Even many of the most ultra transparent personal finance bloggers who don’t bat an eye at posting their net worth for the world to see on their blog might be taken aback if every single one of their purchases were posted in real time on the Internet (with the exception of Baker from ManvsDebt.com who already posts his family’s finances online for the world to see) although this level of transparency could be a smart “take action” strategy for those bloggers like Ramit Sethi who preach the benefits of not just learning personal finance tips but actually putting those tips into action via the “I Will Teach You To Be Rich Boot Camp”.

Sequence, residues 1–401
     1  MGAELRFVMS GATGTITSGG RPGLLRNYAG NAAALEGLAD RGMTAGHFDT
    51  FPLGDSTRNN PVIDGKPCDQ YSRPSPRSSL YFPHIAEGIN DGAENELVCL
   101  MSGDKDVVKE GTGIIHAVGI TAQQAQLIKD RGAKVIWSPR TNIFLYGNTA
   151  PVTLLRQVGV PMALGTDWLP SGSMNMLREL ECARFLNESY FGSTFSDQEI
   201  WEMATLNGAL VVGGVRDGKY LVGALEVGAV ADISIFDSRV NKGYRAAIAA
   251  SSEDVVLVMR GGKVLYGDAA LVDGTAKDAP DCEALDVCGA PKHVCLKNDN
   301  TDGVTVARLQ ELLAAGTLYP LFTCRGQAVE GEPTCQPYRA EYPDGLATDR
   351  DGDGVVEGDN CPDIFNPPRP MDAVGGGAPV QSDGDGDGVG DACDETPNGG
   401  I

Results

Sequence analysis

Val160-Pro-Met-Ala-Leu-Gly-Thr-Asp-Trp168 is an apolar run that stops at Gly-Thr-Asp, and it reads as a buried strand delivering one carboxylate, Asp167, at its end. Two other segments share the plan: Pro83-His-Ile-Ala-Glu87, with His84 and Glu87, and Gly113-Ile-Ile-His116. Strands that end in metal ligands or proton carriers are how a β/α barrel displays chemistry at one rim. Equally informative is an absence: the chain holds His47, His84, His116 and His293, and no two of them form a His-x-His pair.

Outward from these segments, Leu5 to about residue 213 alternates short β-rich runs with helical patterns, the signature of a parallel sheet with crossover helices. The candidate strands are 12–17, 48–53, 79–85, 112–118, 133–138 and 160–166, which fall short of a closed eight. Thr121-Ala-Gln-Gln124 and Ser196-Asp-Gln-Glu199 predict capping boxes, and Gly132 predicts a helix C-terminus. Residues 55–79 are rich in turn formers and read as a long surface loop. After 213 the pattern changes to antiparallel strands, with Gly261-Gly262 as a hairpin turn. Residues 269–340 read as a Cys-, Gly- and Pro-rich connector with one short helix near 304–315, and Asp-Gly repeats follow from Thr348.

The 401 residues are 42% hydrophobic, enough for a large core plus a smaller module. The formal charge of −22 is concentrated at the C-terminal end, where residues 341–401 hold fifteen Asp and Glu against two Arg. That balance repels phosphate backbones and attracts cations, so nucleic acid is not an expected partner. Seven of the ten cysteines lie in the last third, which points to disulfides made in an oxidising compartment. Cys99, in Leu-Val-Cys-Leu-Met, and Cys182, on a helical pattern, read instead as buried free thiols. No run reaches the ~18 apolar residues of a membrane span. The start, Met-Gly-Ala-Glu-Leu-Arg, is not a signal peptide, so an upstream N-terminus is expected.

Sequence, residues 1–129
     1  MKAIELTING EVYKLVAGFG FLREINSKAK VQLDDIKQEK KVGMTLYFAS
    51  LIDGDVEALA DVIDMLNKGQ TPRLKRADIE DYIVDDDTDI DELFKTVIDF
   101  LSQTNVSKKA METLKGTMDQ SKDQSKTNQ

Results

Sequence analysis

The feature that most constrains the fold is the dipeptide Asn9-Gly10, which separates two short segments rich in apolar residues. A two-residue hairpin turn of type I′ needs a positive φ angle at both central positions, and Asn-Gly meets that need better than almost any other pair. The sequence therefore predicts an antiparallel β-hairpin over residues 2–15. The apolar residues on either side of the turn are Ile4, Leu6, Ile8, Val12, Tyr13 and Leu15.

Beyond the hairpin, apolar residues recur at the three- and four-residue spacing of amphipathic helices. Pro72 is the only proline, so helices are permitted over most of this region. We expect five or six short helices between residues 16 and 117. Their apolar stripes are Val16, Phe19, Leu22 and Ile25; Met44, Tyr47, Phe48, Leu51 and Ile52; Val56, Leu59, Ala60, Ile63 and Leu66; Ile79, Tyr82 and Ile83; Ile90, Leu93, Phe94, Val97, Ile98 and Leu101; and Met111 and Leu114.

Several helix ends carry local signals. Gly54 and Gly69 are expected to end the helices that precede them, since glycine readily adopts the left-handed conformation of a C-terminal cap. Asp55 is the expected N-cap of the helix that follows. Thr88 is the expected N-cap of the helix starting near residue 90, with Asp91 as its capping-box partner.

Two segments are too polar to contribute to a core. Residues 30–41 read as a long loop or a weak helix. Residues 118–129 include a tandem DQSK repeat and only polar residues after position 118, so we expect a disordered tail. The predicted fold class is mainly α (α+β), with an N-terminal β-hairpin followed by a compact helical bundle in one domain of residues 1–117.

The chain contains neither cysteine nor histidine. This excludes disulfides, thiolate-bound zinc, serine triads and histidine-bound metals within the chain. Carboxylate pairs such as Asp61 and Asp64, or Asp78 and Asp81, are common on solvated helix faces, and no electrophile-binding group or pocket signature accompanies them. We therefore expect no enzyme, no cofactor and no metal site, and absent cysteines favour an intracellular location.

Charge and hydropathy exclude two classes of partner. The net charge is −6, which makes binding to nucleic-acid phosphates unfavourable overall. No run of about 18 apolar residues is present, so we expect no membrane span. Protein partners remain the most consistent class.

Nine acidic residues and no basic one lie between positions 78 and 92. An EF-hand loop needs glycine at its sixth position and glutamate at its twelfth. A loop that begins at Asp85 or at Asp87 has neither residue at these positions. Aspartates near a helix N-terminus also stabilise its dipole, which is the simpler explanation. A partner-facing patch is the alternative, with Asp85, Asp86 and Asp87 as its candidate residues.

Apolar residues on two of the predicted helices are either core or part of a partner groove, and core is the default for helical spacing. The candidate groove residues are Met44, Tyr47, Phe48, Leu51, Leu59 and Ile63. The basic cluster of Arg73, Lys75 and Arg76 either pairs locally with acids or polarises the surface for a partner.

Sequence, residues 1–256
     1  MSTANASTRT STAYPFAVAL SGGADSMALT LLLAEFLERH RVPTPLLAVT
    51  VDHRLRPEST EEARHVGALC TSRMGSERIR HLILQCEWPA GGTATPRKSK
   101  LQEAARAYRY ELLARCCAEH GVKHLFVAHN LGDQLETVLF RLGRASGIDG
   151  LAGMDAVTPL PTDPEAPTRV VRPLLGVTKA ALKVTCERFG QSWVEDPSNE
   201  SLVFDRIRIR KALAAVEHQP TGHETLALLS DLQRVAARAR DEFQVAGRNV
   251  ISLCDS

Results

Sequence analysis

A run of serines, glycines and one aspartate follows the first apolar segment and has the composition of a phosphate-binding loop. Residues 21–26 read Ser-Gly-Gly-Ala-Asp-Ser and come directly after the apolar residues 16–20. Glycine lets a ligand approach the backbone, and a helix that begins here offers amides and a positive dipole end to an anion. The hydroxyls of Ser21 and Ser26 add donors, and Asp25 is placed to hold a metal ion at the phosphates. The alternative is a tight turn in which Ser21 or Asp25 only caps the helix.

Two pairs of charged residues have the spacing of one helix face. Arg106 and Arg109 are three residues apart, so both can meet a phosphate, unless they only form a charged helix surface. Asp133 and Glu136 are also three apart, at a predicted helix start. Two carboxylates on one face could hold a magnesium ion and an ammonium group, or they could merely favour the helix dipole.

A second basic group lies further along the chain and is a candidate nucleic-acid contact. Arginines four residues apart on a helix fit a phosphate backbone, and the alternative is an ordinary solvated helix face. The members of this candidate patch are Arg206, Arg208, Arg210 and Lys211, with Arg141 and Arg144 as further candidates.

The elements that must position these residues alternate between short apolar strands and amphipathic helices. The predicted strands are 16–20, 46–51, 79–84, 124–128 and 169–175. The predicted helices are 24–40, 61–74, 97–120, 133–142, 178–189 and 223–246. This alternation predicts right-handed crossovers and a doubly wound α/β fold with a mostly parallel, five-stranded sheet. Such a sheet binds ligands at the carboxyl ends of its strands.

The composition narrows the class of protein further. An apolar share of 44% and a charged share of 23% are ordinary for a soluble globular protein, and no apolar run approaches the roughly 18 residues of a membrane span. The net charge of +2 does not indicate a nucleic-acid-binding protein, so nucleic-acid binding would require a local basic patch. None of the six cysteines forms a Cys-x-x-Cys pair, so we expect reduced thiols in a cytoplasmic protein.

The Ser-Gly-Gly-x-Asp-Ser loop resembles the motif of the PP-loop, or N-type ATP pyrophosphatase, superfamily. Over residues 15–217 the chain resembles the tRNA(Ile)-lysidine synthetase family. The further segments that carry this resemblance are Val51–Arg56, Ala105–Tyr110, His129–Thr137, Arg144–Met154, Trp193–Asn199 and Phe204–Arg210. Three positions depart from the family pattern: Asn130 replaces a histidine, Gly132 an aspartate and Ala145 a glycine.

(On a side note: I wonder how many of those personal finance bloggers would be embarrassed by what their real spending habits reveal. Would the black and white dollars and cents of their spending habits match up to the personal finance philosophy that they preach on their blogs?)

Blippy’s Safeguards

The co-founder of Blippy, Philip Kaplan, certainly realizes that there are some credit card transactions that even the most financially exhibitionist among us would prefer to keep under wraps. Kaplan recommends making one credit card a dedicated public “Blippy” card and reserving a separate credit card as a private credit card that is not tied to the Blippy broadcasting service.

The Potential for Only Pretending to be “Financially Transparent”